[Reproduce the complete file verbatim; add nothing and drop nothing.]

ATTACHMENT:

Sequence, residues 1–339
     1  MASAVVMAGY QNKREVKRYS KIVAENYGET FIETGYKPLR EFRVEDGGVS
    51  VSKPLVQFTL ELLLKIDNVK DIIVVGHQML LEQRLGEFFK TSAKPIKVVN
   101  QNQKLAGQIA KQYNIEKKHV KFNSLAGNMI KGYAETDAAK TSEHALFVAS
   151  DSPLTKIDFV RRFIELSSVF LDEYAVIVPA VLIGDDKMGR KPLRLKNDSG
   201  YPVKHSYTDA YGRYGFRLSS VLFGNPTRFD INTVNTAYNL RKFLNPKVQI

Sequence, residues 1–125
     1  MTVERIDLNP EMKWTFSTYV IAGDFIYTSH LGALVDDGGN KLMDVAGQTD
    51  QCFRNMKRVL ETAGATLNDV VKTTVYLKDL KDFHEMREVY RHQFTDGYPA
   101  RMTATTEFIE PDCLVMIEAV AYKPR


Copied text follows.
Sequence, residues 1–339
     1  MASAVVMAGY QNKREVKRYS KIVAENYGET FIETGYKPLR EFRVEDGGVS
    51  VSKPLVQFTL ELLLKIDNVK DIIVVGHQML LEQRLGEFFK TSAKPIKVVN
   101  QNQKLAGQIA KQYNIEKKHV KFNSLAGNMI KGYAETDAAK TSEHALFVAS
   151  DSPLTKIDFV RRFIELSSVF LDEYAVIVPA VLIGDDKMGR KPLRLKNDSG
   201  YPVKHSYTDA YGRYGFRLSS VLFGNPTRFD INTVNTAYNL RKFLNPKVQI

Sequence, residues 1–125
     1  MTVERIDLNP EMKWTFSTYV IAGDFIYTSH LGALVDDGGN KLMDVAGQTD
    51  QCFRNMKRVL ETAGATLNDV VKTTVYLKDL KDFHEMREVY RHQFTDGYPA
   101  RMTATTEFIE PDCLVMIEAV AYKPR